The New Orleans Pelicans will have to learn to play without their leader.
Jrue Holiday is expected to miss at least the next seven to 10 days due to a lower abdominal strain, according to the team. An MRI revealed the issue following Wednesday’s 114-104 loss to the Utah Jazz, in which he played 32 minutes.
The New Orleans Pelicans couldn’t keep it up.
Holiday is expected to be reevaluated next week, which could alter the timeline, depending on how the healing process goes.
It’s a major blow to a Pelicans team which placed Holiday front-and-center ever since Anthony Davis requested a trade in mid-January. And Holiday responded accordingly, carrying the label of team captain and keeping the team energized despite a litany of adverse circumstances.
Now, they’ll have to learn to play without him.
Friday’s 7 p.m. tipoff against the Toronto Raptors will be the first game Holiday misses this season and just the second in the past two years. His durability and performance have been among the Pelicans’ brightest spots in a sour season.
Not only is Holiday averaging a career-best 21.2 points, 5.0 rebounds and 1.6 steals, he’s been a reliable presence on the floor and played with a widely-praised effort during his nearly 36 minutes per night. It’s something teammate Julius Randle said he’s never experienced before.
“No, not a guy that plays that hard every night and competes like that,” Randle said after Thursday’s practice. “It’s pretty unbelievable.”
This isn’t what tanking looks like.
While Holiday’s effort hasn’t been questioned since arriving in New Orleans in 2013, his durability certainly was. In his first four years after being acquired via a draft day trade with the Philadelphia 76ers, Holiday played in just 206 of 328 possible games, dealing with a variety of issues including a lingering leg injury, a broken orbital bone and the care of his pregnant, cancer-stricken wife.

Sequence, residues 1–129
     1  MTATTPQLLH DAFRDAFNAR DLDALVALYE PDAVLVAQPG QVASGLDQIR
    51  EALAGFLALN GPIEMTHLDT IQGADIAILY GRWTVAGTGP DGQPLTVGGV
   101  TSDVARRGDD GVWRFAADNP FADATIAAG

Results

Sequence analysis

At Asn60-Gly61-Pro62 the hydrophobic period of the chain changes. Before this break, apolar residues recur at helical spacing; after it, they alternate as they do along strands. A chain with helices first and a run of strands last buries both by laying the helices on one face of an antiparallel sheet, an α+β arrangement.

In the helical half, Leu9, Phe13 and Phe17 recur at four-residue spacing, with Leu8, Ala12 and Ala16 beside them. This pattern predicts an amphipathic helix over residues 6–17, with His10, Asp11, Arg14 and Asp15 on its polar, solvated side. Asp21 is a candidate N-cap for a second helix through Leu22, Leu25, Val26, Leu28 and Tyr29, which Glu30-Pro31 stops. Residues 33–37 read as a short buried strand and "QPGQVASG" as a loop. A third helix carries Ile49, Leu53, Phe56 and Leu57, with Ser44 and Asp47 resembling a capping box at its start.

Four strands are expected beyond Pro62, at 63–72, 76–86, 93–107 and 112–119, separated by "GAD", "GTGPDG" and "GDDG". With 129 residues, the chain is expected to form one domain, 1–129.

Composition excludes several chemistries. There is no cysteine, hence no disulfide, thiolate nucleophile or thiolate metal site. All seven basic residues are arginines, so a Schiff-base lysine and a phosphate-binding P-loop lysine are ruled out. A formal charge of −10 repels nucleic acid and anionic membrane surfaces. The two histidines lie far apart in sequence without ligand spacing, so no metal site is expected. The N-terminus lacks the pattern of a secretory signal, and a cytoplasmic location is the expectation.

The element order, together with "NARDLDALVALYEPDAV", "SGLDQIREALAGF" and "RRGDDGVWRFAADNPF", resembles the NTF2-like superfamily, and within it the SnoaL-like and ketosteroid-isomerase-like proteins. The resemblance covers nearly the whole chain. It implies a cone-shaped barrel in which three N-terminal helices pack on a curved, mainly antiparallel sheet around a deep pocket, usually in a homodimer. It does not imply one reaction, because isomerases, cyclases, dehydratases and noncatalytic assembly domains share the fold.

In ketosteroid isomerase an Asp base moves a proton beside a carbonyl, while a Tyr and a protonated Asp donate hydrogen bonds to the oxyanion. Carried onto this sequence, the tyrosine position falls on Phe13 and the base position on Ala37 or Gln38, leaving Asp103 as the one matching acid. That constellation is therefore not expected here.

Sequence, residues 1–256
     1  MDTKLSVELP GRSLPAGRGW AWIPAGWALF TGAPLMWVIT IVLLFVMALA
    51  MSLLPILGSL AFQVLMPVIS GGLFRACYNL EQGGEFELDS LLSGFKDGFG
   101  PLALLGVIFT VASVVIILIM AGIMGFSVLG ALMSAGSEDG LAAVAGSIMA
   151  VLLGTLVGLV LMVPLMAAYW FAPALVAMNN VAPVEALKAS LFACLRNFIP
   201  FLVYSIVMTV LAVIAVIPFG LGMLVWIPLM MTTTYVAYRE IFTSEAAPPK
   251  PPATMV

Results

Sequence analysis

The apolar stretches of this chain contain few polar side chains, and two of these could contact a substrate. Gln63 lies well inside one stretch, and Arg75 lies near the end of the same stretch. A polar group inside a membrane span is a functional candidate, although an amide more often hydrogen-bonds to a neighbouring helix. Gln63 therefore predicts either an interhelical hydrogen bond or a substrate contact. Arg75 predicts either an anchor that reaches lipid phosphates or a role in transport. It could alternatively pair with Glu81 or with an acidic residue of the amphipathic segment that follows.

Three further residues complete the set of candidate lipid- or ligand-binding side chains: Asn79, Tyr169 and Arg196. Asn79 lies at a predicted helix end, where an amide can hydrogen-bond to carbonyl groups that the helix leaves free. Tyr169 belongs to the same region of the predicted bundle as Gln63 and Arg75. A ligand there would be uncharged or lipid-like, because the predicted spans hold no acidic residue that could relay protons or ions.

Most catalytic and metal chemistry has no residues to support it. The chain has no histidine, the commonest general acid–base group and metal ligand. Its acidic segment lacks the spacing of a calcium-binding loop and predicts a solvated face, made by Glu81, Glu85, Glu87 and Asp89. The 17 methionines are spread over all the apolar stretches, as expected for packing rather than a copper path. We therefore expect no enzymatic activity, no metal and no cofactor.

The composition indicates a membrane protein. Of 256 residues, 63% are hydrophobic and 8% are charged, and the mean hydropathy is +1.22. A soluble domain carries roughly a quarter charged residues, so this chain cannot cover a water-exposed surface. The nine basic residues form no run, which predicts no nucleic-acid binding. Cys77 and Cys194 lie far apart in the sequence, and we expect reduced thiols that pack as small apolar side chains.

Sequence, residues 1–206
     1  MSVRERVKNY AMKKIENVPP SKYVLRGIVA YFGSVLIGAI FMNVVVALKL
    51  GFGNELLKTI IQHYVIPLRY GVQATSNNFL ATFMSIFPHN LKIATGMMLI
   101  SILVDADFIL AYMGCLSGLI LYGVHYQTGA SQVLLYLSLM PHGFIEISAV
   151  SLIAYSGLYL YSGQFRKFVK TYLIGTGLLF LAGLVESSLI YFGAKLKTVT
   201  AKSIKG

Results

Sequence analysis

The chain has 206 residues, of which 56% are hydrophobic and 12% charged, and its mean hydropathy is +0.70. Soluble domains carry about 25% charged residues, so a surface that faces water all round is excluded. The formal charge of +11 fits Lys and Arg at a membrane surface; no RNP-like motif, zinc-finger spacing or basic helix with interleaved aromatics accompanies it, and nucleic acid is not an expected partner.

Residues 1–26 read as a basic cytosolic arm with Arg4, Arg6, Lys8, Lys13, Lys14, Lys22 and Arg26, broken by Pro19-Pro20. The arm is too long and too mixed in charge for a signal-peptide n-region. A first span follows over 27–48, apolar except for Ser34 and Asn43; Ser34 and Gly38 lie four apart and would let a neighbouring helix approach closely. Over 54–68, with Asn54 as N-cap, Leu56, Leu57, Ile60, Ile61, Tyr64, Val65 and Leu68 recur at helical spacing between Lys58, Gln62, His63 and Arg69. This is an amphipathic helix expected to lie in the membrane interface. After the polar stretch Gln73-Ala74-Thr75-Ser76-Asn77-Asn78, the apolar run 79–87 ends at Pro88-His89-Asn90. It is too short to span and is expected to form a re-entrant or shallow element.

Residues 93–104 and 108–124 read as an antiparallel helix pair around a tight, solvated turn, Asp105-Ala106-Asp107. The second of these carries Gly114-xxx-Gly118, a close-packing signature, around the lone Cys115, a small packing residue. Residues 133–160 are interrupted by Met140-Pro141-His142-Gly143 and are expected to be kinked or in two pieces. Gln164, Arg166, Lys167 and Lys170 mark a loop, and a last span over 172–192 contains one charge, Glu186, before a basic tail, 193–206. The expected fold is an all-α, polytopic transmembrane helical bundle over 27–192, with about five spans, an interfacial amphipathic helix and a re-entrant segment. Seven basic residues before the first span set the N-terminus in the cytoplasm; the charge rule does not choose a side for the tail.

Holiday mostly put those questions to rest over the next two years.
Ever since signing a five-year, $126 million contract extension in 2017, he’s not only ratcheted up his statistical output, and got honored with first-team All-Defensive status last year, he missed just a single game (due to illness), including the 2018 playoffs.
Now, that streak will come to a close, as Holiday recovers from the abdominal strain while the march to the 15 games of the season carries out.
How the Pelicans respond in his absence will be a critical piece of evaluation for interim general manager Danny Ferry and coach Alvin Gentry. Over the past few weeks, the Pelicans have coalesced around Holiday, deferring to him as not only the No. 1 option on offense, but also the rallying point of the team’s defensive presence.
“Jrue is a freak athlete,” rookie guard Frank Jackson said, after Holiday’s steal sealed a road win over the Denver Nuggets last week. “To me, he’s the best guard in the league. He makes plays like that every day. That was a huge play.”
When Alvin Gentry last talked to the media before the All-Star break, he only wanted to talk to about the guys who played.
And Holiday has been praised for his leadership, during a particularly trying and franchise-altering season.
Although the Pelicans will have to learn to play for a while without him, it’s unlikely he’ll be left too far behind.
“There’s nothing you can say about Jrue that would be too much,” Pelicans’ forward Solomon Hill said in February. “He does so much. He plays both ends of the court. He plays hard. He guards the best player on the other team every night, on every possession, and comes on the other ends and scores 20-plus and puts up six or more assists.
“Jrue has been awesome and I think he’s finally starting to get some of the attention he’s deserved for a long time, because he’s been one of the most underrated players in this league for a while. He’s just been great. He’s a great player and a great teammate.”
The New Orleans Pelicans are focused on two primary purposes over the final 19 games of this circus of a season: competing and developing.